Spinal Fusion

This week I am having four-level spinal fusion on my lumbar spine (irrevocably damaged by tough hard heavy work from when I was only a child). However, the surgeons have found one disc which is sound so I can have this done, be free of pain and just be a little stiffer getting out of my sleeping bag in the mornings – indeed I might even move to a quilt as the docs are limiting me to 5kg for the next couple of months. That will certainly make me the ultralight hiker! I will find an X-ray of my spine to illustrate this post, but I am in hospital suffering all manner of indignities and cruelties just now so posts are a bit light. Sorry.

I have two of the best spinal surgeons in Australia working on me: Dr Caroline Tan and Dr David Edis. I had the discs removed on Tuesday and replaced with plastic inserts through my side in a procedure known as OLIF. This is apparently the best way to do it. Then on Friday the surgeons will go in though my back to insert the rods and screws which will hold the vertebrae until they fuse. They paint a highly sophisticated artificial chemical construct on the area to create this bone growth and fusion (which will take up to about 3 months).

I would not hesitate to recommend Dr Tan to anyone who has neurological or spinal problems. She is the finest, kindest doctor I have ever met.

By the time the moose are calling in Fiordland (28th February) the back should be healed enough to carry 8-10 kg so I can hopefully go there with Della and try to get a photograph of that elusive moose.I will keep you posted…

PS (15 Dec): After the op I had a fortnight of absolute nightmare. I will never go anywhere near the Valley Private Mulgrave again. They literally made every effort to kill me and to torture me they could – all this accompanied by deliberate sleep deprivation. Day after day with no (or too little) pain medication. It  was awful. I will be making official complaints about my treatment. Finally (we) discharged myself, went home and put myself in the hands of my own reliable GP Fred Edwards here in Churchill whom I have known for thirty years. Finally home, with family to care for me, without (much) pain and learning to walk again.

I still hope to meet the moose deadline though. (Very) slowly cranking up the steps per day. A long while yet to get to my usual 10,000+ per day,but I will make it. Plenty of work to do here on the farm which should substitute for physiotherapy! Wish me luck!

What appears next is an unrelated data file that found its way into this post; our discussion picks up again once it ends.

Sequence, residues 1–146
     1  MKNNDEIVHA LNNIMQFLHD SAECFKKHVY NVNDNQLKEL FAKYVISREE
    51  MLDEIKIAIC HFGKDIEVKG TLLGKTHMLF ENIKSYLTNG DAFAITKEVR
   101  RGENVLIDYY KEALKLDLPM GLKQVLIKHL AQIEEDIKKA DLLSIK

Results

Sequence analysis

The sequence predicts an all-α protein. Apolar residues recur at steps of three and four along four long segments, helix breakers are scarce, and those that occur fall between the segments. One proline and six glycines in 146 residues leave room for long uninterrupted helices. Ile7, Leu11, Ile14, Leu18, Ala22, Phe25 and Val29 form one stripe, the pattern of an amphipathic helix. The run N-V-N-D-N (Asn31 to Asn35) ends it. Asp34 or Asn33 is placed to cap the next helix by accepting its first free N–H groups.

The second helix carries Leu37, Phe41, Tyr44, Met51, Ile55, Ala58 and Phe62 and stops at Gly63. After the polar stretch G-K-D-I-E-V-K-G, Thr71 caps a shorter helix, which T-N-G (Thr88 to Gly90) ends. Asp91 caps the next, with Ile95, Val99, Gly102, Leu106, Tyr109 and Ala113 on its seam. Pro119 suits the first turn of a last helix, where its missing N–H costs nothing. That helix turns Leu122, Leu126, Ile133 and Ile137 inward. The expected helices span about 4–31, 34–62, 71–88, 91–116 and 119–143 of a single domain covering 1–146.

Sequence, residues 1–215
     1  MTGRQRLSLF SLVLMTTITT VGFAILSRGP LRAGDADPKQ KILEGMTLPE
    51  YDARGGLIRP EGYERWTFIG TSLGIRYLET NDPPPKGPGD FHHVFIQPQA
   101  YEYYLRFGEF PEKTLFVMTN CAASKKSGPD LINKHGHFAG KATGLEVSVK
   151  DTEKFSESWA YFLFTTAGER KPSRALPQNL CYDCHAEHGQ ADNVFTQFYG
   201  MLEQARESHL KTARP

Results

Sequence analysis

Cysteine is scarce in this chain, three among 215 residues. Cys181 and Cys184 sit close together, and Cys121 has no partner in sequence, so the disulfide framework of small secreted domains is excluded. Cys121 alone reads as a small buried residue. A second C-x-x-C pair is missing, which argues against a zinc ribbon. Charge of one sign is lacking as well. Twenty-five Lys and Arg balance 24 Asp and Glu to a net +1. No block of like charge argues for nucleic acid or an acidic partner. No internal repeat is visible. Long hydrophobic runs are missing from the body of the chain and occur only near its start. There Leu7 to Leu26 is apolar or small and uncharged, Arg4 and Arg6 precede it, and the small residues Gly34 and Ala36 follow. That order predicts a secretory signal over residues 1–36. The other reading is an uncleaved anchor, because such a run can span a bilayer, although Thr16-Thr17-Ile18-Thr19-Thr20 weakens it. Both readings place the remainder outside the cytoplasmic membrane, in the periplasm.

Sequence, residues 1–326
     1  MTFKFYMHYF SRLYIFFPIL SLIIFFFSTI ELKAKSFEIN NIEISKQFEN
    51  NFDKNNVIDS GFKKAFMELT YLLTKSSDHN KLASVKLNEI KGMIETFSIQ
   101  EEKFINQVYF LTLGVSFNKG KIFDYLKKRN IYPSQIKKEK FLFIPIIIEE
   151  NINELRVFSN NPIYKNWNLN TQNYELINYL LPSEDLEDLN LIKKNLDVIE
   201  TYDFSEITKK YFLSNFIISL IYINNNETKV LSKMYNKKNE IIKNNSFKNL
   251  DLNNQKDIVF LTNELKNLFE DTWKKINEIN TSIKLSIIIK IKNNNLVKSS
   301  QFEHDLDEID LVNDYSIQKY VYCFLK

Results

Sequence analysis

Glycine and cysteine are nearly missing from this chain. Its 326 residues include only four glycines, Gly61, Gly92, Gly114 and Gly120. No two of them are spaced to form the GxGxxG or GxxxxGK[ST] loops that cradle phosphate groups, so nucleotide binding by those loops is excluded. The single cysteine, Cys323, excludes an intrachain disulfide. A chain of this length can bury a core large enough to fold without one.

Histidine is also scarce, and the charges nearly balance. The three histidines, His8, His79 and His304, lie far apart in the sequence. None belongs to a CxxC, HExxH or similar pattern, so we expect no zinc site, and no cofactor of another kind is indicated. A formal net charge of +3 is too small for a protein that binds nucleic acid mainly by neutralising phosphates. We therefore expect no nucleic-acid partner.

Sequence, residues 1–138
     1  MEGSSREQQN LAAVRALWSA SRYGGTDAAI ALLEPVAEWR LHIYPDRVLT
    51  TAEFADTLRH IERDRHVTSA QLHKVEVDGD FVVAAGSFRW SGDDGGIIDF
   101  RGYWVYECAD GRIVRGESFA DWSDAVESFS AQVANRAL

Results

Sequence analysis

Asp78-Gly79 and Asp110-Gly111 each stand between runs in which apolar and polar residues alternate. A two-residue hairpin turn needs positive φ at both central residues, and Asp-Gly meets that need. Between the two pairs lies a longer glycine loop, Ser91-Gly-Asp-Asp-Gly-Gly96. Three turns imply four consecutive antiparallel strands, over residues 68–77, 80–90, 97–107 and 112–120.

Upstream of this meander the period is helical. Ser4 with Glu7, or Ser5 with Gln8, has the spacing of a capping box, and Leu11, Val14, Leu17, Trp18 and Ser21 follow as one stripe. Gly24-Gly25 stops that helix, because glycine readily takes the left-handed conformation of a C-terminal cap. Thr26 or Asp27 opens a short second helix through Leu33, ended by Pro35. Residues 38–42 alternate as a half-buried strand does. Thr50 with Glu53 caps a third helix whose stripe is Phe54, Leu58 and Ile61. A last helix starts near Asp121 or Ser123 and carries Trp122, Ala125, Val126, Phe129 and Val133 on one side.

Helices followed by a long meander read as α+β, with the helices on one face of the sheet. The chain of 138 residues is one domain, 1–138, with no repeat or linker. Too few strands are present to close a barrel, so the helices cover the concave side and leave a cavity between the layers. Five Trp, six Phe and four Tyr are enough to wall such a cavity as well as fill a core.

PS: (19th April) I did not meet my February date with Fiordland but I am now up to a couple of days’ canoeing on the Latrobe River. I was warned it might take a full year before I was 100%, but I am very impatient to be up and doing.

PS: The trees which Merrin and I have been planting (over Spring) are starting to peek over the tops of the tree guards (1.5 metres tall). We will have a sheep forest before many years have passed: https://www.theultralighthiker.com/2018/10/13/electric-drill-earth-auger/

See Also:

https://www.theultralighthiker.com/2018/03/05/the-lure-of-the-moose/

http://drcarolinetan.com

https://vicorthospine.com.au/news-dr-david-edis/

8 thoughts on “Spinal Fusion”

  1. Wishing you a speedy recovery Steve.

    I’m sorry yet unsurprised to hear about your trials and tribulations at the Valley. My missus worked there as a nurse several years ago and they treated their staff horribly, systemic underpayments the lot. Awful place only care about making a buck.

    1. Thank you Eddie. I am starting to get better now – but I am probably a few weeks yet away from a canoe, hunting or hiking trip. I am complaining about my dreadful treatment at the Valley. We shall see where that goes. I really think being left for hour after hour, night after night without pain relief after spinal surgery ought to be actionable! Cheers, Steve.

    1. Sorry about that Caroline. I have corrected it now. I was deeply affected by opiates when I typed that. Lots of typos. Nearly three weeks out now (and home sweet home) I am slowly becoming myself again. A little more time needed to decide whether the surgery has worked and I can continue my hiking and other shenanigans for the ‘few more decades’ you promised me. I truly hope so!

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